Our research into engaging under 35 year olds in music groups pointed to a need for better outreach and publicity. Young people might not be specifically looking for a group to join, or might not be aware of groups in their area. So instead of waiting for them to find you, go to where they are! But where might they be? Here are a few ideas to get you started.
1. Go to local businesses and offices
Most offices will have a fair number of under 35s amongst their staff. Try the following:
- Take in flyers to pin by the kettle to advertise that you’re recruiting members.
- Have a workplace ‘special offer’. Eg for the first term, two people from the same workplace can join for the price of one, or three for the price of two. Offer them a free taster session to lure them in.
- Talk to the HR department about the well-documented effects of singing on team building (for example, this research from Oxford University in 2015) and persuade them to promote your ‘2 for 1’ offer.
- Can you offer them a free (or heavily subsidised?) singing workshop as part of a staff team building day or as a fun thing on their staff away day/Christmas party?
2. Get in contact with your local Music Education Hub
Music Education Hubs have a responsibility for providing music education to 5-18 year olds. Part of this responsibility includes to 'ensure that clear progression routes are available and affordable to all young people'
- Does your local Music Education Hub know about you? You could be helping them to provide progression routes to young musicians in their area, and this is part of their core role.
- Your local hub may be able to signpost you to local youth music groups (up to age 18). Think about collaborating with a local youth music group to put on a joint performance/joint workshop so that members of the youth group know who you are.
- What is your local hub telling those leaving the education system about further music-making activities in their community? Can they signpost to your group? Would they give you a slot at their end of year concert so you can showcase what you do?
- Making Music can support you to find and make contact with your local Music Education Hub, or you can find your local Hub by using this search tool on the Music Mark website
3. What about your local university/college?
Could you make contact with music groups at the university and put on a collaborative event? Students and universities are often keen to interact with communities outside the ‘university bubble’.
There may be students who graduate and stay on in the same town, but have to leave the university music group and are looking for a new one to join, so if they know about your group, they are more likely to join you after graduating.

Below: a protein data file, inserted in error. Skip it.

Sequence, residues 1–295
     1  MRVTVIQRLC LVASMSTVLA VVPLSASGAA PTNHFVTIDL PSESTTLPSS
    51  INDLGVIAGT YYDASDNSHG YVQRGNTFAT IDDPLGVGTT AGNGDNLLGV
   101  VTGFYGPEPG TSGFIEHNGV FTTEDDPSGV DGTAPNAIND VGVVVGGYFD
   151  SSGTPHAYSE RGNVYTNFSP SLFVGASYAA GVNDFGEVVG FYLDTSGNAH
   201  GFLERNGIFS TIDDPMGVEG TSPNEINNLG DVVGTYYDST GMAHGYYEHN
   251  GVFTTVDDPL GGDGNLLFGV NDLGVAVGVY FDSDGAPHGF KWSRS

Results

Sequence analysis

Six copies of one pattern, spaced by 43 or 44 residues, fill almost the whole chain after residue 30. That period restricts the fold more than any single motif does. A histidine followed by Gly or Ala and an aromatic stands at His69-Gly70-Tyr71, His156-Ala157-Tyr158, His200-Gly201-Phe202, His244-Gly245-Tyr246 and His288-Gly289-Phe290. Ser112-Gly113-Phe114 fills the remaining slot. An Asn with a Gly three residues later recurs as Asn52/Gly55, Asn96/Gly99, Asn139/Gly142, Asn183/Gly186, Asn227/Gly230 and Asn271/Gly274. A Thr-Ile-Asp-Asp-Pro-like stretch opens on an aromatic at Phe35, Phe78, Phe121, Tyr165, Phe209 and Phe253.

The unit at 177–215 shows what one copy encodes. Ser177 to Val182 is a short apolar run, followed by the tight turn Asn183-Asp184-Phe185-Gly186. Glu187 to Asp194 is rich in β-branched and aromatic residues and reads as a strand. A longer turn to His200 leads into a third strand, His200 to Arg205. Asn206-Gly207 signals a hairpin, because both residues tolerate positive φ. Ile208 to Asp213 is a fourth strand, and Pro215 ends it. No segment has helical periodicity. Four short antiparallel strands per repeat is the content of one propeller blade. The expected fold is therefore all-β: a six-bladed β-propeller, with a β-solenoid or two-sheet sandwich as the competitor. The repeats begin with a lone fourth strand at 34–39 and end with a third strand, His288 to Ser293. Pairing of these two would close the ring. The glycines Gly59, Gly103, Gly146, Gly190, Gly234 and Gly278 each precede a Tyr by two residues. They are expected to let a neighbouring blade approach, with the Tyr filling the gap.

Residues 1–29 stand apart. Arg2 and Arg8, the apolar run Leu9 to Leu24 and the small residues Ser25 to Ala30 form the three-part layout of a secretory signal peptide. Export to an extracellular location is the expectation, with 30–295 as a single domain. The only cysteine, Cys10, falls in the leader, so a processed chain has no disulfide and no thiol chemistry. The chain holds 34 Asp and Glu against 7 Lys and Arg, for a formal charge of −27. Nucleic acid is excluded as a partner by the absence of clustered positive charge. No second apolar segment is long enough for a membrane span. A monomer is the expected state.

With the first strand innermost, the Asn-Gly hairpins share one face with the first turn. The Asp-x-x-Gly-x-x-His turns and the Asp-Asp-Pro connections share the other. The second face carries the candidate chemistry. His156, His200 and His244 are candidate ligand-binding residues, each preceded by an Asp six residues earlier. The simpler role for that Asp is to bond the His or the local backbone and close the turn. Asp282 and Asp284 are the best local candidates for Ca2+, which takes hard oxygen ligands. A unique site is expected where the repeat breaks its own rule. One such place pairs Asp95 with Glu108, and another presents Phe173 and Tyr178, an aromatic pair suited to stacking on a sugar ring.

Also, there isn’t necessarily a university ensemble or space in one for every student wanting to sing or play – but do they know what exists outside, in the city?
4. Perform in a public place
If all your performances are tucked away in ticketed venues, you are limiting the number of people who will accidentally find out about you. Taking inspiration from some of the venues where Make Music Day events take place, what about putting on a performance somewhere a bit more unusual? How about:
- A train station foyer (catch young people on the commute to or from work)
- A shopping centre
- A street market
- In a park
- In a hospital foyer
- In an office foyer
Make sure before you head out that you have flyers and/or banners on hand so people know who you are.
And make sure you are explicit about inviting people to join your group – otherwise people might end up just thinking 'that sounded nice' and not make the connection with joining your group themselves.
5. Take part in Make Music Day
Make Music Day is an annual international celebration of music making, taking place on 21 June, with lots of opportunities to get out and about and surprise people with pop-up performances where they might not be expecting them.
Band stands, parks, train stations and buses are all up for grabs. These are all places where unsuspecting members of the public may stumble upon your group. The Make Music Day UK website has a whole host of marketing tools available to help you promote your event.
This is an annual event, always on 21 June, so if you missed 2017’s, you can get planning for 2018 now!
We hope you find this Making Music resource useful. If you have any comments or suggestions about the guidance please contact us. Whilst every effort is made to ensure that the content of this guidance is accurate and up to date, Making Music do not warrant, nor accept any liability or responsibility for the completeness or accuracy of the content, or for any loss which may arise from reliance on the information contained in it.